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Purim: Haman

by Tim O'Hearn

How many Christian preachers have been assaulted with a chorus of "booís" during one of their sermons? How would they react to an audience full of noisemakers every time they read a certain word? That is exactly what will greet every Reader of the Megillah (the scroll of Esther) in every synagogue in the world on Purim this month. During this most joyous of the "rabbinic" holidays, every time the name of Haman is read, the congregation makes noise to try to drown out that name. It makes it a favorite service for the children, of course. But why is that name so odious to the Jews? What caused Haman todo something that would make people the world over try to make sure his name is never heard?

Anyone who has read or heard the story of Esther and Mordechai, her uncle, knows what Haman did. This "Hitler of Persia" attempted to wipe out the entire Jewish race, at least within Persia, which comprised over half the known world. He persuaded the king to write into law that genocide was an accepted, even an encouraged practice. Even Hitler never dared make it a law, even though it was accepted an accepted practice by his army. Yes, we know what Haman did. But the question was what caused him to go to such extremes? What prompted such an outburst of hatred and evil?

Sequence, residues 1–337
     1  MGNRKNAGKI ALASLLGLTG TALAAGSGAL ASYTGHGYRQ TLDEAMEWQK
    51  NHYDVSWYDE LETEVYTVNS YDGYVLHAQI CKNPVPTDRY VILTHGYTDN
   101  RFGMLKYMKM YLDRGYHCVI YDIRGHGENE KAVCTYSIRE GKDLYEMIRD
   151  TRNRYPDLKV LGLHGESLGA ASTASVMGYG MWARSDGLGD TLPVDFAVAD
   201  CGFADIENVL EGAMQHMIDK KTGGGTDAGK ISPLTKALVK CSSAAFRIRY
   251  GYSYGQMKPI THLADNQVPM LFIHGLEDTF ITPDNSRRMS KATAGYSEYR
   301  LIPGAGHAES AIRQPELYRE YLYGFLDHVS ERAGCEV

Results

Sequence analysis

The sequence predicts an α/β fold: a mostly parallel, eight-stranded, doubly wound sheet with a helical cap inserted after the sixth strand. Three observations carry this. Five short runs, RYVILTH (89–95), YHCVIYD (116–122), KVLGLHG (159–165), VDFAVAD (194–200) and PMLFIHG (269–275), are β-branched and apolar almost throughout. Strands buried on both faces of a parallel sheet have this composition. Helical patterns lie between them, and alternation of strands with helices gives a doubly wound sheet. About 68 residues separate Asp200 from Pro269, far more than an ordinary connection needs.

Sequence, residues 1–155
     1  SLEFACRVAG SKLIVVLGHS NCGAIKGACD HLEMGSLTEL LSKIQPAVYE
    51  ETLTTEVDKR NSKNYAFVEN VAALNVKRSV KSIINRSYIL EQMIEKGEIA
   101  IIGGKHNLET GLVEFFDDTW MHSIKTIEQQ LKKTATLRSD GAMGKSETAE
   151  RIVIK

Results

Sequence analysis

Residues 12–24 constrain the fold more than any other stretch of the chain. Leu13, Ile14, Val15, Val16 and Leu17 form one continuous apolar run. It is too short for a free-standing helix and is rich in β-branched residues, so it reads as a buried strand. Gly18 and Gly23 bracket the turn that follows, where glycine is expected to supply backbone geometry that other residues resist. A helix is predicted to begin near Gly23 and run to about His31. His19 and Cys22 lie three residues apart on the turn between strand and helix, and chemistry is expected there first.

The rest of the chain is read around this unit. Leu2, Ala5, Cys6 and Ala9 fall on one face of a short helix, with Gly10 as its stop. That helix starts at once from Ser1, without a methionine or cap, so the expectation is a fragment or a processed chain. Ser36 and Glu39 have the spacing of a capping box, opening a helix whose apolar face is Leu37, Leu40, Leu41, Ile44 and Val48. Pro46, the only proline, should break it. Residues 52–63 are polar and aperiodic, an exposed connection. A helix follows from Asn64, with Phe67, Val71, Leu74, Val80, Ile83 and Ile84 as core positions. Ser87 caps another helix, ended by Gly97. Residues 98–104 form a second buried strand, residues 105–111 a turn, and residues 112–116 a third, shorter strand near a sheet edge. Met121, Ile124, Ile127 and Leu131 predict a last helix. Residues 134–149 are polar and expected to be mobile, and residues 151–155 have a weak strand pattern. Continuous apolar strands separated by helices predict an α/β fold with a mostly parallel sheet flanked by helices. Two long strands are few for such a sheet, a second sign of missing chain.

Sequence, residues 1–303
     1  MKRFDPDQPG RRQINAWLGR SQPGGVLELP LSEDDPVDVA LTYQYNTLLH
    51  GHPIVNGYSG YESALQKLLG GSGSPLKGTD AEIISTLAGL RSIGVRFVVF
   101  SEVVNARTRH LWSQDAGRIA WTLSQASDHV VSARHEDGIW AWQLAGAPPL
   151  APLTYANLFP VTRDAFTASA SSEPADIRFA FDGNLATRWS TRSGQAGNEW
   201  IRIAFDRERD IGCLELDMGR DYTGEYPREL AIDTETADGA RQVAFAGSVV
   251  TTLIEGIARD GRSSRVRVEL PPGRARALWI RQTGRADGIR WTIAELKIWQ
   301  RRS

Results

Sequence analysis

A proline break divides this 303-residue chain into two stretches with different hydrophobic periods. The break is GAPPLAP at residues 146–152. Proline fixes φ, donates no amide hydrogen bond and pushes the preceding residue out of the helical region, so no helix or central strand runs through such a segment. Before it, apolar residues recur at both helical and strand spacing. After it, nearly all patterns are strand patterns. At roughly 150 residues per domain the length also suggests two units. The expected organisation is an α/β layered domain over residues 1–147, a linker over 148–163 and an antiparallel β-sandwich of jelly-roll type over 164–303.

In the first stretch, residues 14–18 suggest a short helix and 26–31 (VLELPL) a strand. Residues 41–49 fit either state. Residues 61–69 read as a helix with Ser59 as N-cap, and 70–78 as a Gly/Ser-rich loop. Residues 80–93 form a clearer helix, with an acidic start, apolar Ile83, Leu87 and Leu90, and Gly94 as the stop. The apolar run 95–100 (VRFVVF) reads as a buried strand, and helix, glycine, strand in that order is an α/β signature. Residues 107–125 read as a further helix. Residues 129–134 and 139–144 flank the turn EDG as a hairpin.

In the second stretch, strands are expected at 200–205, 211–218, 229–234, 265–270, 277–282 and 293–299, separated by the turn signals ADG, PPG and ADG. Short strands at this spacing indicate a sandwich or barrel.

Hitler and Haman

Actually, some people might say that Hitler was almost justified in his policy compared to Haman. I wouldnít say that. Sin is sin and evil is evil. But some religious philosophers propose a social ethics in which the end sometimes justifies the means. Under that foul doctrine, Hitler can be seen as acting for the good of his country, or at least his political party. In depression era Germany, most of the money was held in banks owned by the Jews. It could "reasonably" be argued that the depressed economy could have been helped if the Jewish bankers would put more money in circulation. Add to this that the Jews generally supported the conservative politicians. Further, the Jews have necessarily been a "different" people, open to emotional attacks. Hitlerís political economy, therefore, called for condemnation of, and eventually annihilation of, the Jews. As it turns out, he was not a good economist, but a great politician. At least he had a studied, political reason for his policy against not only Jews, but also Catholics, Masons, and others. Did Haman have such "elevated" (though still sinful) reasons for his genocidal policy? Hardly!

The reason for Hamanís hatred of the Jews, and only the Jews, can be found in two sentences in the Megillah. "And when Haman saw that Mordechai bowed not, nor did him reverence, then was Haman full of wrath. And he thought it scornful to lay hands on Mordechai alone (for they had showed him Mordechaiís ancestry); therefore Haman sought to destroy all the Jews that were throughout the whole kingdom." (Esther 3:5-6) It is further showed a couple of chapters later.